Australia v West Indies, 2nd Test, Adelaide, 3rd day December 6, 2009

Watson wrecks chances of maiden century

Oh no, Watto
Even the most hardened of West Indies fans would have felt a pang of sympathy for Shane Watson. Resuming play just four runs short of his maiden Test century, Watson attempted to swipe the second ball of the day through midwicket, only for Sulieman Benn to breach his defences and hit the top of off stump. A disconsolate Watson kicked at the air and trudged from the field, aware that he had missed a prime opportunity join the Test centurion ranks. No word yet on whether Watson offered to assist the South Australian Cricket Association by bringing forward the planned demolition date of the Adelaide Oval dressing rooms.

No Siddle in the middle
Australia need to knock West Indies over cheaply in their second innings, so it was a concern for the home fans when Peter Siddle didn't take the field when Chris Gayle and Adrian Barath walked out to bat. Siddle had a tight hamstring and is no certainty to bowl on the fourth day, but Michael Hussey was confident he would take his place at some point. "I certainly hope so," Hussey said. "I think it was more precautionary tonight, just leave him out of tonight so his leg has got another 12 hours or so to try and give him a good go tomorrow. I'm pretty confident that he'll be out there tomorrow for us."

Conversion tables
Ricky Ponting has long emphasised the importance of batsmen converting 50s to 100s, but his calls have failed to inspire his troops of late. Of the last 12 Australian batsmen to pass the half-century mark, only one, Hussey at The Oval, has reached triple figures. Simon Katich is most culpable, having scored 80, 92 and 50 in his last three Tests, while Ponting himself has twice fallen short of a century after passing 50 in that time.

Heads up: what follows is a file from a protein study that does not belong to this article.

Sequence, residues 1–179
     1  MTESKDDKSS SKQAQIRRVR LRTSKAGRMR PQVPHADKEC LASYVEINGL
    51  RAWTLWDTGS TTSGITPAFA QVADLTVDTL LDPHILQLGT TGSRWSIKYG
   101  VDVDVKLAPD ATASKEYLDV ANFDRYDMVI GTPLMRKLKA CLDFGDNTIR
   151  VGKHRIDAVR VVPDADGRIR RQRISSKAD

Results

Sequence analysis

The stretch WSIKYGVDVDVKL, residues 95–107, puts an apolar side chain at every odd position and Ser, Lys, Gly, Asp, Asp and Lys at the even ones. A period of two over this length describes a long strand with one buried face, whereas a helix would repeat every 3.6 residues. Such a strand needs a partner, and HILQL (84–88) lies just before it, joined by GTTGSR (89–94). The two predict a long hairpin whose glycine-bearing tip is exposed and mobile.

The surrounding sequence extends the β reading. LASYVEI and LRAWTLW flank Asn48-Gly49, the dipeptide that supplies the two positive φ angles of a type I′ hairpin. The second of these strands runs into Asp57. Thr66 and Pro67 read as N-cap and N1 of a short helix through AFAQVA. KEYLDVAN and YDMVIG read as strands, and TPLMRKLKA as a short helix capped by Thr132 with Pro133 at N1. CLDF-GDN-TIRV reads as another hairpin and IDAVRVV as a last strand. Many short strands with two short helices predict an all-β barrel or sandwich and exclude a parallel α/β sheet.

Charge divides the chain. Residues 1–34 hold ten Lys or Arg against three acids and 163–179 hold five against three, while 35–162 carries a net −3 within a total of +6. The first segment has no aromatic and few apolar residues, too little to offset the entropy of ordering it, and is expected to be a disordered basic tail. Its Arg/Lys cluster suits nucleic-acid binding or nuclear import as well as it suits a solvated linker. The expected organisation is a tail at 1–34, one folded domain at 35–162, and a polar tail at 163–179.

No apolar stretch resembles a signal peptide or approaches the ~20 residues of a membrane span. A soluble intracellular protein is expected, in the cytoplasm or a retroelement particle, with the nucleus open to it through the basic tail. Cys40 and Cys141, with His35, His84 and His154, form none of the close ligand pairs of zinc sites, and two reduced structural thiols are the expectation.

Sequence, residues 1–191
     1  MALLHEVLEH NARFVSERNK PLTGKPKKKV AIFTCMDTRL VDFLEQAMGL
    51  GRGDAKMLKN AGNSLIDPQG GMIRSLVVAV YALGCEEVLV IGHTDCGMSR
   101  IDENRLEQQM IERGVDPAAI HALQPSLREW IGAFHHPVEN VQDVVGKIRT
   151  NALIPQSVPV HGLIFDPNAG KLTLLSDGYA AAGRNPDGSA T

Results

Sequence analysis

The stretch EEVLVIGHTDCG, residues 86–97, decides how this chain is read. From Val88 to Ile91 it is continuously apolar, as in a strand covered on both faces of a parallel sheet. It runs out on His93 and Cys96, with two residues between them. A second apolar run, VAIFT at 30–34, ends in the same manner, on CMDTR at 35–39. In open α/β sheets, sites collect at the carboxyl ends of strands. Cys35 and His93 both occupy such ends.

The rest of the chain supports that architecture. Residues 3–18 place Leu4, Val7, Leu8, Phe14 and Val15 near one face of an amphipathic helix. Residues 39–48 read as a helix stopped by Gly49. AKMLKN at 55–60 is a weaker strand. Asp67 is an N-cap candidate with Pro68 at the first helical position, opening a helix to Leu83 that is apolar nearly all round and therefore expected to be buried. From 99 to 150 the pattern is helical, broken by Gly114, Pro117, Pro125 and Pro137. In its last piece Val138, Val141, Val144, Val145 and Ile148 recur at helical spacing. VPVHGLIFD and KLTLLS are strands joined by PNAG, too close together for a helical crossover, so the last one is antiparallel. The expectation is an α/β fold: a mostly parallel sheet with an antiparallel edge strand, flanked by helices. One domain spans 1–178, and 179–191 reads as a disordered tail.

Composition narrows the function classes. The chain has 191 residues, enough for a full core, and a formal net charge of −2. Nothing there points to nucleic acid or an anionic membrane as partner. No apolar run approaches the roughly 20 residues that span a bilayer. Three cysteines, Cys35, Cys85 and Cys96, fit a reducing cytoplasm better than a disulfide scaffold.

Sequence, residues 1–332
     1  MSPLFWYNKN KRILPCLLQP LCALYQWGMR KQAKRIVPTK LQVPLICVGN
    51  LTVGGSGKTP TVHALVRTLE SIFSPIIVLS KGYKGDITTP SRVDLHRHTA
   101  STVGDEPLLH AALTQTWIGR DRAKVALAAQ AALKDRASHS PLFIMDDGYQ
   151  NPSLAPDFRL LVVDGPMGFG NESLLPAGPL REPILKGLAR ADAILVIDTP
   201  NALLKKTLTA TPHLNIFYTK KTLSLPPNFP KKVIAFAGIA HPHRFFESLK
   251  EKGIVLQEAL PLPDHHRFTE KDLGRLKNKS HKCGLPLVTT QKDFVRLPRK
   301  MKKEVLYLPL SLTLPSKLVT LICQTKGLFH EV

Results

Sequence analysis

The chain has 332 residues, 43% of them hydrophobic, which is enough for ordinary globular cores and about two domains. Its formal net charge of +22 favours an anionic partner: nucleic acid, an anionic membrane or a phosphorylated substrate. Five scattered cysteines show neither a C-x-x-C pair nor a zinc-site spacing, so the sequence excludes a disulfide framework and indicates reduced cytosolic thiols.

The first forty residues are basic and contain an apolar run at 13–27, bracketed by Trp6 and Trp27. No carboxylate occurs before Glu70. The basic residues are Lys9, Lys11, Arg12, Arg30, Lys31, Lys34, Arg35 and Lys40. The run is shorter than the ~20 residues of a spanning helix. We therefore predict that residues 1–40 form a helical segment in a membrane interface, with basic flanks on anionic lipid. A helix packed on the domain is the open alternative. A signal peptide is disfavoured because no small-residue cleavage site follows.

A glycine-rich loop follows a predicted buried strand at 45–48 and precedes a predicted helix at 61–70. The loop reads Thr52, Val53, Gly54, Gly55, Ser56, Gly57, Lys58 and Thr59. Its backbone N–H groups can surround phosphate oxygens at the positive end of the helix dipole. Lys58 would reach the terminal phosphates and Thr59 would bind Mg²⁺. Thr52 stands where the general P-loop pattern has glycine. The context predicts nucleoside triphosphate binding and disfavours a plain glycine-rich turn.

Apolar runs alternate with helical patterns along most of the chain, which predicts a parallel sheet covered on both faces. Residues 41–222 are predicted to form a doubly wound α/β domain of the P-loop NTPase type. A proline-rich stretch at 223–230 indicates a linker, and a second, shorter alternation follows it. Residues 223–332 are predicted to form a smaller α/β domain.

Wise Sulieman prediction
Prior to the Brisbane Test, the West Indies interim coach David Williams touted Benn a likely trump card for the three-Test tour. Benn may have possessed a Test average nudging 50, but Williams felt the bounce of Australian wickets would suit the 200cm Bajan against a batting line-up that has seldom looked comfortable facing quality finger spin. Having performed solidly in a losing cause at the Gabba, Benn arrived at Adelaide Oval with much to prove. And so it transpired. Watson, Simon Katich, Michael Clarke, Marcus North and Siddle formed the hit-list for Benn's maiden five-wicket haul in Tests, handing West Indies a 12-run first-innings lead. The last time West Indies held a first-innings advantage on Australia was the Perth Test of 1996-97. They went on to win the match by ten wickets.

What are the odds?
Punters have taken a dim view of West Indies since their arrival on Australian shores. With the Australians two wickets down in pursuit of the tourists' first-innings total of 451, betting agencies were offering A$21 on West Indies breaking their nine-Test losing streak on Australian soil. That reduced to $17 at the fall of Ricky Ponting's wicket, and $7.50 by the time the tourists headed to stumps with an overall lead of 35 and all second-innings wickets intact.

Alex Brown is deputy editor of Cricinfo